• In yet another aspect, the invention provides methods for inhibiting ErbB3 activity using an anti-ErbB3 antibody or antigen-binding portion of an antibody of the invention, wherein the therapeutic methods comprise administering a therapeutically effective amount of a pharmaceutical composition comprising an antibody or antigen-binding fragment of an antibody of the invention. The disorder treated is any disease or condition which is improved, ameliorated, inhibited or prevented by removal, inhibition or reduction of ErbB3 activity. The anti-ErbB3 antibody or antibody fragment of the invention may function to block the interaction between ErbB3 and an ErbB3 binding partner (e.g., neuregulin-1), or otherwise inhibit the signaling activity of ErbB3.
  • The present invention also includes the use of an anti-ErbB3 antibody or antigen binding portion of an antibody of the invention in the manufacture of a medicament for the treatment of a disease or disorder related to or caused by ErbB3 activity in a patient.
  • Other embodiments will become apparent from a review of the ensuing detailed description.
  • DETAILED DESCRIPTION
  • Before the present invention is described, it is to be understood that this invention is not limited to particular methods and experimental conditions described, as such methods and conditions may vary. It is also to be understood that the terminology used herein is for the purpose of describing particular embodiments only, and is not intended to be limiting, since the scope of the present invention will be limited only by the appended claims.
  • Unless defined otherwise, all technical and scientific terms used herein have the same meaning as commonly understood by one of ordinary skill in the art to which this invention belongs. As used herein, the term “about,” when used in reference to a particular recited numerical value, means that the value may vary from the recited value by no more than 1%. For example, as used herein, the expression “about 100” includes 99 and 101 and all values in between (e.g., 99.1, 99.2, 99.3, 99.4, etc.).
  • Although any methods and materials similar or equivalent to those described herein can be used in the practice or testing of the present invention, the preferred methods and materials are now described. All patents, applications and non-patent publications mentioned in this specification are incorporated herein by reference in their entireties.
  • DEFINITIONS
  • The expressions “ErbB3” and “ErbB3 fragment,” as used herein refer to the human ErbB3 protein or fragment unless specified as being from a non-human species (e.g., “mouse ErbB3,” “mouse ErbB3 fragment,” “monkey ErbB3,” “monkey ErbB3 fragment,” etc.). The extracellular domain of human ErbB3 has the amino acid sequence shown in, e.g., amino acids 1-613 of SEQ ID NOs:497-499.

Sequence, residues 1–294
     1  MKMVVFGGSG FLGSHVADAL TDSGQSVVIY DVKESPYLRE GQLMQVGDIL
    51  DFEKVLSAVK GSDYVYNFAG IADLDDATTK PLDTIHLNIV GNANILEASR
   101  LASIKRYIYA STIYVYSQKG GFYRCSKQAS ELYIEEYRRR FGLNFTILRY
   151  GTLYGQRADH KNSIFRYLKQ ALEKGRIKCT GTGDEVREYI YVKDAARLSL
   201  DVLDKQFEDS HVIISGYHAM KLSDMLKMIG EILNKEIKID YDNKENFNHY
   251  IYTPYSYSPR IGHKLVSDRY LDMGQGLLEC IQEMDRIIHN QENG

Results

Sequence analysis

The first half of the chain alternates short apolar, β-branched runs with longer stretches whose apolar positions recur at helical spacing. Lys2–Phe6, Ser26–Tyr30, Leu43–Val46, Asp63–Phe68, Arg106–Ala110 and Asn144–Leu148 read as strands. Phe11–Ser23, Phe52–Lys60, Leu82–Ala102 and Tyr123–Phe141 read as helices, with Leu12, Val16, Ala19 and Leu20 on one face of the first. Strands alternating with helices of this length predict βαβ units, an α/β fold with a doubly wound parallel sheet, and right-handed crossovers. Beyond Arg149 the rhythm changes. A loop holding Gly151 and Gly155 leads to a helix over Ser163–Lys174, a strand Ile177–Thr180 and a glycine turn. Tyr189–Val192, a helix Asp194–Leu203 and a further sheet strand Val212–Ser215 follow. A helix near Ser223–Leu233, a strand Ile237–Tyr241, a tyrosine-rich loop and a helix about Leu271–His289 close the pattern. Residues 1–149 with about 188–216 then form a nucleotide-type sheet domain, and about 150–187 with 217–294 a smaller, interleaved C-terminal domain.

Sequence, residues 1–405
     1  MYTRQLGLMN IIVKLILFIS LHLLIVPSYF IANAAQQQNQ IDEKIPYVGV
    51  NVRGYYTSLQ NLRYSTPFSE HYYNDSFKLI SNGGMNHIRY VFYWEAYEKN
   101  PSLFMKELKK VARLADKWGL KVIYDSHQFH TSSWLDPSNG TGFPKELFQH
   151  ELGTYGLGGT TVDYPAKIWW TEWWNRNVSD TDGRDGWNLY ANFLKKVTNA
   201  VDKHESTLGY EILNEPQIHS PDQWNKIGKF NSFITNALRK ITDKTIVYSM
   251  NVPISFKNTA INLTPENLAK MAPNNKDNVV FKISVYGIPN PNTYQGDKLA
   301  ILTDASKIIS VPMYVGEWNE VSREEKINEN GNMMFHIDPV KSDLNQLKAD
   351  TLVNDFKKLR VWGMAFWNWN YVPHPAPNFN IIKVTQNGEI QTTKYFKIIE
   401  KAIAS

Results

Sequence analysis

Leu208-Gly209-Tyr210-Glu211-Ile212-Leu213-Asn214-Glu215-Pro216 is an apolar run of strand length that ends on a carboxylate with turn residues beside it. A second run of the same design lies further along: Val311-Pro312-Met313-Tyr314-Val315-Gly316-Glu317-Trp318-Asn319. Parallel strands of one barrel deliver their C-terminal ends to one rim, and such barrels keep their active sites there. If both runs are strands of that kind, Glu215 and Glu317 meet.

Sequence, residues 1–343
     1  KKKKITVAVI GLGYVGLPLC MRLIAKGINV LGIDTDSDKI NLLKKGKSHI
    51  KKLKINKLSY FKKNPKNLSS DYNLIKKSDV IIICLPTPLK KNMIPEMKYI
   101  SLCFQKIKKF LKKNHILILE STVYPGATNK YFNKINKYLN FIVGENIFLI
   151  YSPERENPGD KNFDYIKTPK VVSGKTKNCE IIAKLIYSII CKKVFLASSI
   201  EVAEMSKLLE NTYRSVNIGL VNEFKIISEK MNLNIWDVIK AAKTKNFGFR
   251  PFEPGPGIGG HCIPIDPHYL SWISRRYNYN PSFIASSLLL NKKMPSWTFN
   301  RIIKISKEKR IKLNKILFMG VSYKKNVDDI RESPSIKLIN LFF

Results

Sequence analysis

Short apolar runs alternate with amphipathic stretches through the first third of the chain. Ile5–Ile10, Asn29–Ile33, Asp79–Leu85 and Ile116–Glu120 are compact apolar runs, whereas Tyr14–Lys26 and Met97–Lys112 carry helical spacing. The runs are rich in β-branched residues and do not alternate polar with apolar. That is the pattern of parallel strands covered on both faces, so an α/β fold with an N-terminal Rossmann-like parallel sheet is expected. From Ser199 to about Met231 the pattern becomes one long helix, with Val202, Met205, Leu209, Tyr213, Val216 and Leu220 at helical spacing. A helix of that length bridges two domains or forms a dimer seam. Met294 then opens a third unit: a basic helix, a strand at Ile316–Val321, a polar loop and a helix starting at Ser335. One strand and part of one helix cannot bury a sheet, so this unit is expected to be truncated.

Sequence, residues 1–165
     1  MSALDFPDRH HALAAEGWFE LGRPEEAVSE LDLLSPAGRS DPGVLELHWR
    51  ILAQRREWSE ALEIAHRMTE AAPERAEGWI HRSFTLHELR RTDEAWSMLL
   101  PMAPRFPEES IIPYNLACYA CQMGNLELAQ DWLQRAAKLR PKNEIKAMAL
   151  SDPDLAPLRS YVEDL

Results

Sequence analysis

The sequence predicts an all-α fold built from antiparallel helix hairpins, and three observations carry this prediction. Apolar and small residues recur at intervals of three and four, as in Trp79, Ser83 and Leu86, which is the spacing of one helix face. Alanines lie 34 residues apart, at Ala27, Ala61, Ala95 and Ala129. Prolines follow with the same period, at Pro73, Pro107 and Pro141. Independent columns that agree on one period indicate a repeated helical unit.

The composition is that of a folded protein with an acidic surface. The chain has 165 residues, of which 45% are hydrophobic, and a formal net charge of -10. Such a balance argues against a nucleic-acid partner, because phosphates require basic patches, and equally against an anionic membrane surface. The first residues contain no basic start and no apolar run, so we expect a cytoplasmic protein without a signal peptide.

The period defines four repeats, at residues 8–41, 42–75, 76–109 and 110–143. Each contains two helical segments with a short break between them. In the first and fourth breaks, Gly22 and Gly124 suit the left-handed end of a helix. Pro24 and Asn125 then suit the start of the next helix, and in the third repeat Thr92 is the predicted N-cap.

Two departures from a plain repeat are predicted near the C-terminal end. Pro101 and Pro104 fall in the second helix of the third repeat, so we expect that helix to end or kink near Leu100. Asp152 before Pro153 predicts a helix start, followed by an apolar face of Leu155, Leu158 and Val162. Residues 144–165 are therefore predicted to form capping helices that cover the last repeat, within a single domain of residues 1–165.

• The term “ErbB3 ligand,” as used herein, means a protein capable of binding to the extracellular domain of human ErbB3 protein to transmit a biological signal in vivo. The term “ErbB3 ligand” includes neuregulin-1 (NRG1) and neuregulin-2 (NRG2).
  • The term “antibody”, as used herein, is intended to refer to immunoglobulin molecules comprising four polypeptide chains, two heavy (H) chains and two light (L) chains inter-connected by disulfide bonds, as well as multimers thereof (e.g., IgM). Each heavy chain comprises a heavy chain variable region (abbreviated herein as HCVR or VH) and a heavy chain constant region. The heavy chain constant region comprises three domains, CH1, CH2 and CH3. Each light chain comprises a light chain variable region (abbreviated herein as LCVR or VL) and a light chain constant region. The light chain constant region comprises one domain (CL1). The VH and VL regions can be further subdivided into regions of hypervariability, termed complementarity determining regions (CDRs), interspersed with regions that are more conserved, termed framework regions (FR). Each VH and VL is composed of three CDRs and four FRs, arranged from amino-terminus to carboxy-terminus in the following order: FR1, CDR1, FR2, CDR2, FR3, CDR3, FR4. In different embodiments of the invention, the FRs of the anti-ErbB3 antibody (or antigen-binding portion thereof) may be identical to the human germline sequences, or may be naturally or artificially modified. An amino acid consensus sequence may be defined based on a side-by-side analysis of two or more CDRs.